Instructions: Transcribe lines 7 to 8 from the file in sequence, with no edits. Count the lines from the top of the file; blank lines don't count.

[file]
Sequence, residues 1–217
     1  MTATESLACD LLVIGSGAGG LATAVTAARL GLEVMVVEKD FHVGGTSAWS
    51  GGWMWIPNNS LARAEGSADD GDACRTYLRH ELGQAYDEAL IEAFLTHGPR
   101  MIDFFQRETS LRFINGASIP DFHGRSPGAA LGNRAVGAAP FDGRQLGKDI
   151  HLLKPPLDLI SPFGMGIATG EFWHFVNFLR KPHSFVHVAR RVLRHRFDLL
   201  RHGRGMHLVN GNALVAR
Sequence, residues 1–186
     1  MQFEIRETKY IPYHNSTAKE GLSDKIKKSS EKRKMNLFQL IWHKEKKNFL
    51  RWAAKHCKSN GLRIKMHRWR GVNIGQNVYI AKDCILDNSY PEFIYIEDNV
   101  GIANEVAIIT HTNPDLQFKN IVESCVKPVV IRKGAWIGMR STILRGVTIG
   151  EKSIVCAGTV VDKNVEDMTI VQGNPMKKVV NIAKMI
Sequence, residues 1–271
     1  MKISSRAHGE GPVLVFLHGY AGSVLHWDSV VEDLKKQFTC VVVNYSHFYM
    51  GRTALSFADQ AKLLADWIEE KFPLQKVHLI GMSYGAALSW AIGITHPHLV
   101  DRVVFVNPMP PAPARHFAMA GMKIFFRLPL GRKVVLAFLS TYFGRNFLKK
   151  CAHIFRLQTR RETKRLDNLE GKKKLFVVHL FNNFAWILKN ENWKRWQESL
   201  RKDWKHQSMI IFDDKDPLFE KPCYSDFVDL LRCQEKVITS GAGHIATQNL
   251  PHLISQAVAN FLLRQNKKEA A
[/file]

Sequence, residues 1–186
     1  MQFEIRETKY IPYHNSTAKE GLSDKIKKSS EKRKMNLFQL IWHKEKKNFL